When Bernie Sanders said it was time to stop talking about Hillary Clinton's email controversy during the Democratic debate in Las Vegas, Facebook users went wild.
"The American people are sick and tired of hearing about your damn emails!" the Vermont senator proclaimed during a portion of the debate that turned to questions over Clinton's use of a home-based server and private email address while she served as secretary of state.
During the debate, Sanders was also the top-discussed candidate on Facebook (which co-sponsored the debate with CNN), followed by Clinton, former Virginia Sen. Jim Webb, former Maryland Gov. Martin O'Malley, and former Rhode Island Gov. and Sen. Lincoln Chafee. He wins across the broader social media world as well, getting 570,477 mentions during the debate, according to social analytics platform NetBase --- more than 100,000 more than Hillary Clinton, the next most-talked-about candidate.
He also dominated hashtag-driven chatter, with #feelthebern, #debatewithbernie and #berniesanders ranking in the top five trending hashtags across social media.
While the Facebook world was eager to share Sanders' statement about Clinton's email, it wasn't one of the top issues discussed during the debate. Racial issues spurred the most conversation, likely prompted by a question from Facebook about whether the candidates believe black lives matter or all lives matter. The hashtag #blacklivesmatter was the second highest-trending on all social media platforms.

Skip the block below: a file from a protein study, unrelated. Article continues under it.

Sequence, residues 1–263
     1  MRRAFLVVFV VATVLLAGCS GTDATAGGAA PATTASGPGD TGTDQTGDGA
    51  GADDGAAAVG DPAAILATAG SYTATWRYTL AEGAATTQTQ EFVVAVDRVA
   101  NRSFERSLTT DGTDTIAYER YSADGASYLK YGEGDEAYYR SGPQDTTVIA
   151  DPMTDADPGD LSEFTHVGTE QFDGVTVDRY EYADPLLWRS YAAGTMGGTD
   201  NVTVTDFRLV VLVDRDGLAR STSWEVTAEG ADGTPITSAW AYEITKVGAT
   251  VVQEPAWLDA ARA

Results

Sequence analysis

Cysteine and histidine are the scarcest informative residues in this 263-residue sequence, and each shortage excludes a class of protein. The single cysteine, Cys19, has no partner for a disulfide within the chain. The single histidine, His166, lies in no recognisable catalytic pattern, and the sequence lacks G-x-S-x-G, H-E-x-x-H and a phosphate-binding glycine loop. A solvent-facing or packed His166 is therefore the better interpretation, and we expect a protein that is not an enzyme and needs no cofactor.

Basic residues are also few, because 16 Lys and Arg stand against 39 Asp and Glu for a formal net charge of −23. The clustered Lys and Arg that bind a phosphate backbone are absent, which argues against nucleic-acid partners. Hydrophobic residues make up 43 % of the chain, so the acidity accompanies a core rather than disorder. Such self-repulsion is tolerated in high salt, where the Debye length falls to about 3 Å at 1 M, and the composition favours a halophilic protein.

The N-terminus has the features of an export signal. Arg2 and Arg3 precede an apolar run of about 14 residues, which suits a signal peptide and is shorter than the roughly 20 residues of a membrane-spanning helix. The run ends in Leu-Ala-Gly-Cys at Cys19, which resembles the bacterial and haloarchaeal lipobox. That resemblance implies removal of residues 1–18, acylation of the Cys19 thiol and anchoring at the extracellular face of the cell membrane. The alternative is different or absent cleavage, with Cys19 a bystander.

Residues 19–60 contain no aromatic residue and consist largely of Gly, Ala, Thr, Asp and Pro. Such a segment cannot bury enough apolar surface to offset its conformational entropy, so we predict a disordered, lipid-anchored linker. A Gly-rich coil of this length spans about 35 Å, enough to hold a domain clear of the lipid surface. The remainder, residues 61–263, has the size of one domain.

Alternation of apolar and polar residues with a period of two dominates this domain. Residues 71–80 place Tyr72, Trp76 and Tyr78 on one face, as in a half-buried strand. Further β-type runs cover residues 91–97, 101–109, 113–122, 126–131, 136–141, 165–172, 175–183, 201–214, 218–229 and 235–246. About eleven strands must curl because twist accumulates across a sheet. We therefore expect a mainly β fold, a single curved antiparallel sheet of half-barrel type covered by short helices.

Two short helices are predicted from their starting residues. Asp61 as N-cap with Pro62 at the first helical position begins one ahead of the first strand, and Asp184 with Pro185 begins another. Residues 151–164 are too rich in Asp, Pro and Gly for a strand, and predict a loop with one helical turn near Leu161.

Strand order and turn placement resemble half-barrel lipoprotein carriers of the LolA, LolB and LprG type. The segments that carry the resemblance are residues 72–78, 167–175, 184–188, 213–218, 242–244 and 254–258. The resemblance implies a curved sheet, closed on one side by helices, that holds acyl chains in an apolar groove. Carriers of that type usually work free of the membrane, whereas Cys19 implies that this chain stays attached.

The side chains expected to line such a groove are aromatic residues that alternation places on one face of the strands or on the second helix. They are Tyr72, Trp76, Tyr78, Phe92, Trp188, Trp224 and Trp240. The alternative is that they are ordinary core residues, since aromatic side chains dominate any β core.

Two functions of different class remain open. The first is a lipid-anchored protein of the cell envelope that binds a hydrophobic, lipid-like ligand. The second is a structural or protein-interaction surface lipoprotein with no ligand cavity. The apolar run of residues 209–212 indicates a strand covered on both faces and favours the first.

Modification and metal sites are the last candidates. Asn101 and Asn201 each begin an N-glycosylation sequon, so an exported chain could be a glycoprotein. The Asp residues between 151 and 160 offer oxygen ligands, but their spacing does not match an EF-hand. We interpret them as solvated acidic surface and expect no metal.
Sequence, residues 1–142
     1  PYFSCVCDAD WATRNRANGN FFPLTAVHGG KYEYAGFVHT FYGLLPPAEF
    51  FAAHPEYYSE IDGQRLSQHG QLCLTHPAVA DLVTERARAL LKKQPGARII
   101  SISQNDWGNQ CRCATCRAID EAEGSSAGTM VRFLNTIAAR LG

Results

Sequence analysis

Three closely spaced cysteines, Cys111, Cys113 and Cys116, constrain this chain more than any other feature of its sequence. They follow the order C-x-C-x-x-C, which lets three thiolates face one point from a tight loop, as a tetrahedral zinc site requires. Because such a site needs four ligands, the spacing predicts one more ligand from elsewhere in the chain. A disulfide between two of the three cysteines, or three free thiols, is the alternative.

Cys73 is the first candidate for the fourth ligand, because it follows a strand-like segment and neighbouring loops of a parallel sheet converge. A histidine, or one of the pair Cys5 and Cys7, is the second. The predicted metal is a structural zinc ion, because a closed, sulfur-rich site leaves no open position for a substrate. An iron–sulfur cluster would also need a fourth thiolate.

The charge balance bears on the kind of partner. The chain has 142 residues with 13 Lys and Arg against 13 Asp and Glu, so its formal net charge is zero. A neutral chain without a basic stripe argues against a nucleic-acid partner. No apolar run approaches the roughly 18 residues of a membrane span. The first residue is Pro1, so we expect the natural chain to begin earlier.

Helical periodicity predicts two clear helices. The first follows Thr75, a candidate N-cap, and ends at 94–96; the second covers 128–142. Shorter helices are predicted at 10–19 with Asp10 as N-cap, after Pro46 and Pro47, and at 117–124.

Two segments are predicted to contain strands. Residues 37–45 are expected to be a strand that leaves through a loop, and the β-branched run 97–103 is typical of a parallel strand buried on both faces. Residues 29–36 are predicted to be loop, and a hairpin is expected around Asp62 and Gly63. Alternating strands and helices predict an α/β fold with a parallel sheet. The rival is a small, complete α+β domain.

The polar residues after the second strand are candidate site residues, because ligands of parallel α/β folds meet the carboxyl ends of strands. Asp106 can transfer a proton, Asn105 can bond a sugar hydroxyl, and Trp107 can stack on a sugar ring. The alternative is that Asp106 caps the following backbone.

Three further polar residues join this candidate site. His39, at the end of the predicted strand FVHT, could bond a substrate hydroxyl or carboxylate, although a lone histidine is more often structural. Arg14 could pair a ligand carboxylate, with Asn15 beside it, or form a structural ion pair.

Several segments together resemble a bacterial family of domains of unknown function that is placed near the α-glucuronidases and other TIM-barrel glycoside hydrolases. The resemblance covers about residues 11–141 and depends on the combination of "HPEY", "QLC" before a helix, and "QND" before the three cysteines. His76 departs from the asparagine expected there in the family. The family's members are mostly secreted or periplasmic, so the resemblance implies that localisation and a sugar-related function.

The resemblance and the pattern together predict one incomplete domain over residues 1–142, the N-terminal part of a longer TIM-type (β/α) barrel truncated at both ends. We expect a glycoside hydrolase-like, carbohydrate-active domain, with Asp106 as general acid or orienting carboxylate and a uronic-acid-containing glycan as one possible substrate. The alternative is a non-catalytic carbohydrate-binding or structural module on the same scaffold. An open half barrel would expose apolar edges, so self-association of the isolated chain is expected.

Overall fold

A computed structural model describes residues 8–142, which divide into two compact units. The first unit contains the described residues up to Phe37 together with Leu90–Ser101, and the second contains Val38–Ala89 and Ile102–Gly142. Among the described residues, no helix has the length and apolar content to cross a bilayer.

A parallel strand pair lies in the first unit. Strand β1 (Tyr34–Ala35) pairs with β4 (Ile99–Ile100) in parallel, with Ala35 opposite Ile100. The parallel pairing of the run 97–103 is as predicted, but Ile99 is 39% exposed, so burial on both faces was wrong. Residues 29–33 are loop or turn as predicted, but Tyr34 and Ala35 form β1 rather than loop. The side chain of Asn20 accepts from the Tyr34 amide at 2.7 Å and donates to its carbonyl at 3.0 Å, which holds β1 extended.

The economy was the second-most discussed issue on Facebook, with government ethics, energy and environment policy and guns rounding out the list.
But Clinton's comments about her email usage -- and particularly her answer of "no" when asked if she wanted to follow up on criticism of her email usage by Chafee -- did resonate more broadly across all social media platforms. It was the number one trending topic connected to the debate, according to NetBase.
The candidates sparred on the issue of gun control for several minutes, debating the merits of a 1993 background-check law and the role that urban and rural states play in the debate about gun control.
Vermonters were the most engaged of the states on Facebook, followed by denizens of New Hampshire, the state that holds the first 2016 primary election. Third were Marylanders, who saw their former governor, O'Malley, on stage. Rhode Islanders were likely chatting about Chafee, who served as their governor and senator, and Virginia and Nevada tied for the fifth most engaged states. Webb served as a senator from Virginia, while the debate itself took place in Nevada.
Across social media, Clinton and O'Malley generated large increases in the amount of positive mentions they received on social media. Sanders saw little change, while Chafee and Webb got a lot of negative chatter during the debate compared to what they saw beforehand. NetBase said